Last April we began tracking a new organisation which was claiming to represent the interests of survivors of child sexual abuse. The “Fresh Start Foundation”—yet another “foundation” with a name which could easily be confused with a number of others, rather like the “Knight Foundation”—had a very interesting list of founding officers, many of whom were already known to us: Christine Margaret Gow, Neil James McKechnie, Andrew Christopher Peacher, Penny Pullen, David Scott (UK Column’s “Albion Rover”), and Alexander Smith. Mr McKechnie is a friend of Belinda McKenzie, and Christine Gow has done her fair share of posting illegal posts about RD’s children.We note that Andy Peacher and Alexander Smith were dropped from the board of directors last month, and replaced by three new directors (Janine Danielle Rennie seems to have been listed twice in error).
And what would any dodgy non-charity “foundation” be without the blessing of Belinda McKenzie?
At the Fresh Start Foundation’s inaugural conference last year, invited speakers included Robert Green and Wilfred Wong, with video contributions from Brian Gerrish, David Icke, and Kevin Annett. Hail, hail, the gang’s all here!
The Fresh Start Foundation had its own crowdfunding page (of course!), though that seems to have gone tits up after only three donations (including one from Penny Pullen).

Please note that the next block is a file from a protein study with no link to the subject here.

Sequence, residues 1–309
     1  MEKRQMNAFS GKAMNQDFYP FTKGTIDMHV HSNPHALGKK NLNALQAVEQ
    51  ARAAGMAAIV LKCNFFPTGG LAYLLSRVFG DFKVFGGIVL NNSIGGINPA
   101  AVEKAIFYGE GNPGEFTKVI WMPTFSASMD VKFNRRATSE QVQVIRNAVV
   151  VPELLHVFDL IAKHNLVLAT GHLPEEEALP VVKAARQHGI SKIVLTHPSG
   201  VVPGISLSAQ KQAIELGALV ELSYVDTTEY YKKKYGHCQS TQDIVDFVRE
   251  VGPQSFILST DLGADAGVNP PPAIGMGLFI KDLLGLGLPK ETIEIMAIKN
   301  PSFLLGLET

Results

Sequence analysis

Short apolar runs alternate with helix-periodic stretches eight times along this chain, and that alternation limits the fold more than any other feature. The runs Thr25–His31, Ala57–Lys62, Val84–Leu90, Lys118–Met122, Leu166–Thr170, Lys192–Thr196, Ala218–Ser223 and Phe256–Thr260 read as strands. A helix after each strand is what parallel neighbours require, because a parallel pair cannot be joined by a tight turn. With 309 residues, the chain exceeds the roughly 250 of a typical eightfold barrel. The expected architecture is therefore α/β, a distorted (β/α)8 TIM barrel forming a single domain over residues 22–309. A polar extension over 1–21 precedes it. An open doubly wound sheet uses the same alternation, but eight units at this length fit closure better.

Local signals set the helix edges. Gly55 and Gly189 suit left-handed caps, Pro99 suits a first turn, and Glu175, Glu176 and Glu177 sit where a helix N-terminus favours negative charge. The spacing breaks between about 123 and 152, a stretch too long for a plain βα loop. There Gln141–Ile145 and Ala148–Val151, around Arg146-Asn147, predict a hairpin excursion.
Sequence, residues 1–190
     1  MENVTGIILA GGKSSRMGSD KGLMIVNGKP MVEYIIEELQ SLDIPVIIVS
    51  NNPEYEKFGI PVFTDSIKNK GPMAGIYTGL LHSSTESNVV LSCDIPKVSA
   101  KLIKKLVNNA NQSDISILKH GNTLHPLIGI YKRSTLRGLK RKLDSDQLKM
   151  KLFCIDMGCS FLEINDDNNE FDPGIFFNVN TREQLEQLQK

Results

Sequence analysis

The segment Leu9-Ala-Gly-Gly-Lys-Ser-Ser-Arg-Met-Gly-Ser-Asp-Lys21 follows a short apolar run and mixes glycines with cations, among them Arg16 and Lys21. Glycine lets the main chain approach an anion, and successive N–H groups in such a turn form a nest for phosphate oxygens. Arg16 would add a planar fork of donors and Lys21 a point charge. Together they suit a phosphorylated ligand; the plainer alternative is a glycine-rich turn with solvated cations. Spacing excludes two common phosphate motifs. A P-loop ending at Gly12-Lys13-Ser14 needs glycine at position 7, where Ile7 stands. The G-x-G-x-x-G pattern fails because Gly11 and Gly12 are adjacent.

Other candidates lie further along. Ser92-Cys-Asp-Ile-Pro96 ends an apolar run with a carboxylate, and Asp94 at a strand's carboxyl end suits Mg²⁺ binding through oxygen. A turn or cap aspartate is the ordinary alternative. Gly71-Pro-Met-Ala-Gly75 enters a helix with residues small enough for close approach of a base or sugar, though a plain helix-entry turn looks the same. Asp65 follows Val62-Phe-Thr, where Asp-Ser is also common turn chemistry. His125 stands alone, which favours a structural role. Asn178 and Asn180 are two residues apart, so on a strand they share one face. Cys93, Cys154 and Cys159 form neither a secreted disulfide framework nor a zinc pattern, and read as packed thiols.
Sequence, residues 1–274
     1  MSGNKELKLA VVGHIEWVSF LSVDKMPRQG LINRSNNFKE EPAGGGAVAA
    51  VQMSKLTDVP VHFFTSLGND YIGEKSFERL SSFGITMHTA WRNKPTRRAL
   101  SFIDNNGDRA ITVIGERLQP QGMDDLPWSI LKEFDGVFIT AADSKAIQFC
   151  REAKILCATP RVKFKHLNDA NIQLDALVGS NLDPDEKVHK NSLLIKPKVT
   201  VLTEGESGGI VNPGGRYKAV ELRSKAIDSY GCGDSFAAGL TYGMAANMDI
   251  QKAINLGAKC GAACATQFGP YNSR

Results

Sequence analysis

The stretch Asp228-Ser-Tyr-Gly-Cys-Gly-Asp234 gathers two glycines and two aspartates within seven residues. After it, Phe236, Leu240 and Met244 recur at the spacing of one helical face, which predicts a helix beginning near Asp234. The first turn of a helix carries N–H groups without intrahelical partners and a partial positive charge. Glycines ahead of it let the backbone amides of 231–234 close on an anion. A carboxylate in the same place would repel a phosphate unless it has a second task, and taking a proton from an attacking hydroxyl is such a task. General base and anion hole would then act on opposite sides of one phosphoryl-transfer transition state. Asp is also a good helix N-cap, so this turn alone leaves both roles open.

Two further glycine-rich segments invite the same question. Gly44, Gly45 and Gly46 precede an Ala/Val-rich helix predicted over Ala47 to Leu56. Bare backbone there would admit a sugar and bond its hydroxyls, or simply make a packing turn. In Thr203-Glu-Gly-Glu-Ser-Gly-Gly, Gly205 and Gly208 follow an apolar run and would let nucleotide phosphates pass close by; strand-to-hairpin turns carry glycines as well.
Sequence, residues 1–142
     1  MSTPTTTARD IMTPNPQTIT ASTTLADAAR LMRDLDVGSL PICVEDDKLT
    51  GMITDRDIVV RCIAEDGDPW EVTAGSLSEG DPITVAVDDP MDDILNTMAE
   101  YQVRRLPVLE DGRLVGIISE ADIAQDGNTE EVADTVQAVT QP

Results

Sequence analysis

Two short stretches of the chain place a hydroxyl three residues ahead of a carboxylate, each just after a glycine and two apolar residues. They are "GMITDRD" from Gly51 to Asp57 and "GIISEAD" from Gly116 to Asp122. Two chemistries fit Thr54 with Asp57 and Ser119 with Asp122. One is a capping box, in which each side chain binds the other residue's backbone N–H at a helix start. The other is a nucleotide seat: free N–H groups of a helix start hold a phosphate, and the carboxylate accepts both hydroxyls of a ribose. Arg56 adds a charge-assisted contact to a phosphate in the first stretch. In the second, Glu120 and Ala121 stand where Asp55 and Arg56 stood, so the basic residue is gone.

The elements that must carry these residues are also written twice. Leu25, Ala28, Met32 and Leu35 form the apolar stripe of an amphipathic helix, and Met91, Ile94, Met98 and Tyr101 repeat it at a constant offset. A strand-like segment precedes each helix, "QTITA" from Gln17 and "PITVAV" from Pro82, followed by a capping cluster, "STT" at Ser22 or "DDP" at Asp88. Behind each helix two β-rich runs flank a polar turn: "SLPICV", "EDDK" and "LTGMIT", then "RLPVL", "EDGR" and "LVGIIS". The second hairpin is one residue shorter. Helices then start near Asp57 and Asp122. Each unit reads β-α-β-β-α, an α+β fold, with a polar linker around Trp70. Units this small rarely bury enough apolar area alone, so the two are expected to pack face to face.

To be honest, having noted the existence of the thing, we hadn’t really paid it a great deal of attention until last month, when we noticed that one of the directors, David Scott, had directed a particularly ugly UK Column video at a grassroots child sexual abuse survivors’ organisation, ShatterBoysUK. After noting that Daniel Wolstencroft of ShatterBoysUK sits on the Victims and Survivors Consultative Panel (VSCP) in the IICSA inquiry, Mr Scott focussed on the fact that Mr Wolstencroft’s name had somehow been misspelled in the organisation’s Companies House page. Quel horreur!
Brian Gerrish: How can Daniel have a different name on Companies House and different name when he is representing CSA survivors at the Independent Inquiry?
David Scott: Well this is the question, we have asked this question, we haven’t had an answer. We’ve had answers but no justification. It was claimed to be a spelling mistake, and then it was claimed to be a spelling mistake by a lawyer, then it was claimed to be a spelling mistake by the lawyer’s typist, but there’s nothing been provided to substantiate this.
Mr Scott extrapolates from the fact that someone somewhere along the line misspelled Mr Wolstencroft’s name to…well, it’s not completely clear. He makes some rather vague allegations about ShatterBoysUK being dodgy in some unspecified way, and states that there was once a fraud case involving someone with the same name, and hey, who knows, it might have been the same Daniel Wolstencroft, but who knows? (It’s not.) The issue is left hanging, the smear complete.
This was the shot across the bow. As Outlaw Jimmy put it on his blog at the time,